REAL LIFE RELATIONSHIPS: When dogs met baby

Empty stroller and the sound of screaming babies prepares dogs for important introduction

My husband and I had some anxiety when our 8- and 6-year-old dogs met our daughter for the first time.

We were the first among our family and friends to have a baby, so our dogs, Stella, a Labrador retriever mix and Mitzi, a Yorkie, hadn’t been around little ones.

Seeing the occasional kid at the park is a lot different than having one screaming in your personal space or taking up the time that was previously devoted to ear stroking and lap time.

So when we were having a baby, we wanted it to be a positive experience for the whole family, including the furry members. We researched every possible way of preparing to introduce the new baby to Mitzi and Stella.

We played baby sounds on YouTube, the actual sounds of babies crying and screaming.

We played kids shows and music to get them used to the new strange noises. Since kids’ shows sound a lot different than the Netflix movies we usually watch, we added some cartoons to the lineup.

The very configuration of the house was going to change with all the gear needed for a baby, so we opened and assembled the stroller, highchair and other baby items. Strollers especially were scary to my dogs, so we rolled it around the house before our daughter was born. This way they didn’t have to be introduced to the baby and the stroller at the same time.

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Once they got used to the stroller, we took them for walks with it. Walks were a very exciting time for the Mitzi and Stella, and we didn’t want that part of our relationship to change, only improve.

We took them for car rides with the car seat installed and we played baby sounds in the car while driving.

We showed the dogs baby clothes, blankets and other items so they could get accustomed to the new sounds and smells.

Because births don’t always go according to plan, we had a backup plan in place to introduce the dogs in a variety of scenarios.

We also took extra measures while we were still at the hospital with the new baby.

My parents, who really wanted to do something for us, brought home a baby hat and blanket from the hospital to let the dogs get used to the baby’s smell.

My husband also ran home a few times while we were in the hospital to see and spend time with the dogs alone and bring them special food and treats to reward them for good behavior.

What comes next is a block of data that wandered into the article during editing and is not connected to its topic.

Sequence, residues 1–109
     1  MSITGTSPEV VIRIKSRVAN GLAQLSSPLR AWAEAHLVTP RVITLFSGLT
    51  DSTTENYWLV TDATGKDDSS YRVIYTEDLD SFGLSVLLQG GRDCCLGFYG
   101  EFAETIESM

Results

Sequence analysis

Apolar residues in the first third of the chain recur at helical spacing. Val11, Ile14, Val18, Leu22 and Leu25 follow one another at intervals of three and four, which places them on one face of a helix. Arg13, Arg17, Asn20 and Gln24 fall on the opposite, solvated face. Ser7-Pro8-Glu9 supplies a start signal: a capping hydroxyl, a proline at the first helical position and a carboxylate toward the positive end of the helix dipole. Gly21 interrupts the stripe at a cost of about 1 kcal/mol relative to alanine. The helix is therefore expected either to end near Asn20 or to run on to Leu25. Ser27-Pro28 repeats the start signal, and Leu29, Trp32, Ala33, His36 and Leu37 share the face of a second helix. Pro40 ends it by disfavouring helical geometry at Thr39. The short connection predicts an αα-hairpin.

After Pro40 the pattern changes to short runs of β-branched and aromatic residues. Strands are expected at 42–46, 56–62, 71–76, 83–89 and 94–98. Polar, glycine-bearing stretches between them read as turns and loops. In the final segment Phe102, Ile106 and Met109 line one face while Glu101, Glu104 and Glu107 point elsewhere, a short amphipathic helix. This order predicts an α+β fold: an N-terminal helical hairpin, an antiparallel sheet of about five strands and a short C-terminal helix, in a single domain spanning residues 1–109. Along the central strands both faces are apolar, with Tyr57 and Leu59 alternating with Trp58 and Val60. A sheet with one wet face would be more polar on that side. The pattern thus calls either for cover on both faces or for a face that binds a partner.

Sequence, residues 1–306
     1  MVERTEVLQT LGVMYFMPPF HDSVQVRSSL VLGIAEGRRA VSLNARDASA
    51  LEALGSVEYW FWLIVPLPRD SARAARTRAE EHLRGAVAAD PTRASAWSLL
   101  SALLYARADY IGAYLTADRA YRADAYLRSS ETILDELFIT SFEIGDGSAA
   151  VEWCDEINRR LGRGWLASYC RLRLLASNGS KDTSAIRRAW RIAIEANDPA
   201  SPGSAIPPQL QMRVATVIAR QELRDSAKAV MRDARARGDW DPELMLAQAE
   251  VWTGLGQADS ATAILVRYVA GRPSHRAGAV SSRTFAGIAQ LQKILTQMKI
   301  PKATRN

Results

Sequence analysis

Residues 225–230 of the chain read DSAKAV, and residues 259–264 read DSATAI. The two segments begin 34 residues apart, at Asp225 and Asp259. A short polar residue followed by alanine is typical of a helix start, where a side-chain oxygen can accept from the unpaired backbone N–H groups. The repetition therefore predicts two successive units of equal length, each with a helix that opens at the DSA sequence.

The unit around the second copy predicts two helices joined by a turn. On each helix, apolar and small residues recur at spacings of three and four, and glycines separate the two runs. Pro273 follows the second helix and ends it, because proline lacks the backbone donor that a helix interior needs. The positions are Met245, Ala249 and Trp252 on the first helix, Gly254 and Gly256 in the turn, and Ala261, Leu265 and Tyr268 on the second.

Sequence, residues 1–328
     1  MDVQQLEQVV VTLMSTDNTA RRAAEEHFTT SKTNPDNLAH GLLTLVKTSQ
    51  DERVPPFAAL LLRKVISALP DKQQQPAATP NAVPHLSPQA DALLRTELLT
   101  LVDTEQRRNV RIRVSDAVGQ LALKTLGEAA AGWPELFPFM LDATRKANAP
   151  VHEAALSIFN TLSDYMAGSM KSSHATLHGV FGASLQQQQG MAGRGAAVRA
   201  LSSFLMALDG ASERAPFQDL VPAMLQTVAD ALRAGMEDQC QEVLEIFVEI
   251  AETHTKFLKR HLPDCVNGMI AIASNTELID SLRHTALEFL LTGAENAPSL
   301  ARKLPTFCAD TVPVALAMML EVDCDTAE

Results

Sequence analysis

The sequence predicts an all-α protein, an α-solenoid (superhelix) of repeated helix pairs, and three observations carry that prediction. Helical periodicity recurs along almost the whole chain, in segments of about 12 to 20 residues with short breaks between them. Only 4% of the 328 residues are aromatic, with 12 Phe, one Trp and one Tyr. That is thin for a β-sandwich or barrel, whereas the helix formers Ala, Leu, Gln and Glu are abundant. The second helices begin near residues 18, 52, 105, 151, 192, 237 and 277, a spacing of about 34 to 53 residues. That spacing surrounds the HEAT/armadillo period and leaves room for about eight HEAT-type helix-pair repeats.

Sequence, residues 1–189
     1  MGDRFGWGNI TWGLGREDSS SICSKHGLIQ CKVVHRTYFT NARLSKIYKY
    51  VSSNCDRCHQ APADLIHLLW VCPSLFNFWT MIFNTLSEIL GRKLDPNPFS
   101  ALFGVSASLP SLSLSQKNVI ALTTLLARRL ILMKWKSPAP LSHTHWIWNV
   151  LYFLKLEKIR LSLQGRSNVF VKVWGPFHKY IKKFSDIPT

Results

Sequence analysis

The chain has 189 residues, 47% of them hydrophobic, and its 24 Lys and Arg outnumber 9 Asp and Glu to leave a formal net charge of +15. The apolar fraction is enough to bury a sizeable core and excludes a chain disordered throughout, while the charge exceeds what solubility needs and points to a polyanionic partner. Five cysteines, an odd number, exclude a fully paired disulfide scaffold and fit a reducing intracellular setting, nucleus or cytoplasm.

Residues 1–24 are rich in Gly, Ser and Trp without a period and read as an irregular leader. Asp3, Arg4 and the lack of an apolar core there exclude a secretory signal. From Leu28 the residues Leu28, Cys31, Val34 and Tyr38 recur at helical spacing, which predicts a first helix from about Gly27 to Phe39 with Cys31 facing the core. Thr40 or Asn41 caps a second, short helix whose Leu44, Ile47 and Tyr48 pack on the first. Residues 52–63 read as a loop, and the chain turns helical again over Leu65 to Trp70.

When we finally arrived home, we took the introduction slowly, allowing the dogs to sniff and respond at their own pace. It sounds obvious but we always supervised them around the baby.

We didn’t believe they wouldn’t do anything aggressive, but we didn’t take it for granted, either.

Harper is 1 year old now and she has a great relationship with Stella and Mitzi. While still always supervised, we truly feel that the steps we took helped prepare everyone for the new arrival.

There are free resources available on social media and many local trainers who specialize in this type of training. I also found local mom groups and Instagram pages dedicated to this topic. One of my favorite accounts is @dogmeets_baby. She is a certified trainer and provides excellent advice to new and experienced parents.

Fortunately, you don’t have to wait until the baby is born to introduce your pets to the idea of a new baby. With a few simple steps, we made sure everyone was ready for a bigger, better family.

Kara Venus lives in New England with her daughter, husband and two dogs. Her love for dogs and volunteering with local rescues inspired this story. She works as a marketing professional by day and enjoys skiing, gardening, and traveling.

Real Life Relationships is a monthly reader-contributed essay that explores the many ways in which we are connected and the all of the emotions those connections can bring into our lives. Interested in contributing? Email nedra.rhone@ajc.com with the subject line “Real Life Relationships.” Read more on the Real Life blog (www.ajc.com/opinion/real-life-blog/).